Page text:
Participatory Web, social web, or simply Web 2.0, these are all terms for an apparently new era of the Internet, heralding in many parts a realignment of the legality of the Internet, a new thinking and philosophy, as well as new business models.

The Web has become an independent social platform where interactivity and creativity are the driving forces of development. Suddenly, a whole series of new applications such as wikis, weblogs, or picture and video portals have emerged, as well as technologies like RSS and podcasts. The ideas of many of these applications are actually not entirely new, but have received only through the Web 2.0 wave a real chance for success. 

Initially, Web 2.0 took place in the private sector, pioneered by the United States, where people began to keep personal diaries on the internet. There arose the first video portals and the first network platforms as well, from where eventually, the wave also swept into Asia and even conquered the business world.

 Inventive entrepreneurs set up business networks, commercialized the picture and video portals, and set up blogs for their business communications. Meanwhile you can find on the Internet almost everywhere Web 2.0 offshoots and applications that intend to create a so-called "community", a group of people with similar interests, to share knowledge with others.

At Amazon, for example, the purchaser of a book receives the message “customers who have purchased the items that you've seen recently, also bought this or that" and many online shopping portals offer like them the opportunity to evaluate products from other customers. Or the online encyclopedia Wikipedia for instant for instance invites any internet user to participate in sharing knowledge on their portal. Growing popularity enjoy especially corporate blogs that can come in many forms and can have different functions. A common characteristic however is that they serve in general to monitor the communications or marketing objectives of the company. So many businesses use blogs for direct and easy communication with the customer, as this is in fact one of the main advantages of blogs. While websites generally communicate only in one direction - from businesses to consumers - the communication is flowing unfiltered in both directions via comment function and links from other blogs. In this way, the company gets the consumer's opinion directly and ideally there even will be a constructive discussion, which can convert customers to fans. Blogs provide, if the best comes to the best, increasing publicity and sympathy for a company as well as the opportunity for good positioning in topic areas - the so-called reputation. Unfortunately, a blog can, if it is poorly done or if it is abused for doing pure marketing, have negative effects as well, any company should be aware of.

Other possibilities of using blogs effectively are market research and market monitoring, crisis communication, and the improvement of search engine rankings. Due to the extremely high level of networking among each other, blogs often rise quickly on the coveted top rankings in Google & Co.

Wiki - The unique content management system

The evolving Web 2.0 has been establishing a new generation of content management systems “the wiki” a word that derivates from the Hawaiian word “WikiWiki” which means "quick" and therefore perfectly describes the features and benefits of a wiki. It requires from the user little or no period of vocational adjustment at all, can be operated easily through the browser, and changes are visible immediately after the saving. The inhibition threshold of the users is low, so that unlike many complicated knowledge management systems, employees can be motivated more easily to contribute their know-how.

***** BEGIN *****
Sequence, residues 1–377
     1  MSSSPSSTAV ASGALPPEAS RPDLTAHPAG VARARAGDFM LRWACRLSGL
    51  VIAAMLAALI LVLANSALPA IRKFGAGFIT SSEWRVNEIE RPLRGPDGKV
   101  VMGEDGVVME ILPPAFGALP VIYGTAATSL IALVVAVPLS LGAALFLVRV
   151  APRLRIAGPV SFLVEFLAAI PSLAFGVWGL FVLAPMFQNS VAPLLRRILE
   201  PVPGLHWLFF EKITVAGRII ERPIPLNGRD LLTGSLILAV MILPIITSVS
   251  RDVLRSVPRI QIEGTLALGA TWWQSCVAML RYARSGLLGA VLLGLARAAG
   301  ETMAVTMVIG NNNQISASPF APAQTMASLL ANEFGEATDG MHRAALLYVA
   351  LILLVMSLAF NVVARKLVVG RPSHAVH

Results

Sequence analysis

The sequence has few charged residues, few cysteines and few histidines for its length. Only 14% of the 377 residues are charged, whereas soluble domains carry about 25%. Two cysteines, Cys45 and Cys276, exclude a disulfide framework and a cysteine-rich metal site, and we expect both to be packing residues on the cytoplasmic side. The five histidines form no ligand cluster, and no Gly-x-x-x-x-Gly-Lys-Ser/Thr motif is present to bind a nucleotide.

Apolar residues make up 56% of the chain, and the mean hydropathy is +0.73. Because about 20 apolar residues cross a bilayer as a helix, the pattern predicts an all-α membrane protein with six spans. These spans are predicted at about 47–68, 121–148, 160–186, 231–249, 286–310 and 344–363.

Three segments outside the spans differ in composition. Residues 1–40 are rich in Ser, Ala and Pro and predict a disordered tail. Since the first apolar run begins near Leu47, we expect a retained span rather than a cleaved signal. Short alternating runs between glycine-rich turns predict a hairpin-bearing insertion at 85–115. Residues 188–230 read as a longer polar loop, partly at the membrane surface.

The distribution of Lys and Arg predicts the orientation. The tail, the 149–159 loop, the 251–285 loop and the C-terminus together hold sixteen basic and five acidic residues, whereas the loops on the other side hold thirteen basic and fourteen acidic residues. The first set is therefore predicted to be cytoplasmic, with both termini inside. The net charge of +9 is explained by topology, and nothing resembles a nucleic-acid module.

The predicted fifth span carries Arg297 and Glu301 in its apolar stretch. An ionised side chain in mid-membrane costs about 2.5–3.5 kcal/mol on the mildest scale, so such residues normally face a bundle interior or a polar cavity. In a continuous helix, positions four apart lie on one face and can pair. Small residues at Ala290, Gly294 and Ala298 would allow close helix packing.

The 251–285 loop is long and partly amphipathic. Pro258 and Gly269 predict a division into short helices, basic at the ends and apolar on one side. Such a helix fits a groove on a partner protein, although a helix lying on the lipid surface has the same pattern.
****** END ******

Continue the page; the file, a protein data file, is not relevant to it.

More and more companies are using wikis for internal team work, for their project management, and as a knowledge base for the creation of documentations.

The new Web 2.0 technologies

The Web 2.0 has created however not only new business applications, new generations of web sites, and communities, some new technologies emerged in this context, too. Certainly they existed already before, but got known only in association with applications like Google Maps or blogs, namely RSS, AJAX, and podcast.

RSS stands for “Really Simple Syndication "and is the latest technology for really simple dissemination of information to a solid subscriber base. While newsletters and broadcasts lose importance due to continuing cost intensity and a growing flood of spam, RSS feeds are on the rise.

AJAX means "Asynchronous JavaScript and XML" and is probably a more familiar term to programmers than the common Internet users. However, AJAX is right now up to reform the Internet in the long term as there is now a whole new breed of Web applications in the limelight - be it Google Maps or the auto-complete when typing in search terms, or the correction of typing errors. Even photos sharing sites like Flickr are working with AJAX.  It allows revising contents and objects in the browser without the need to reload the entire page after each action.

Podcast stands for an audio file in its original sense, which is distributed through news feeds. The word is a combination of the brand name "iPod" and broadcasting.

The chances for Web 2.0 companies are there, that’s undisputed. But for whom what makes sense, of course, remains to be seen. Blogs for instance are useful, but certainly not for everyone. On the other hand there are today some companies that exist only on the Web 2.0 wave or are caused by it and there are some who are never confronted with it. As the big brand adidas used to say: “impossible is nothing” – and we will see.

By Daniela La Marca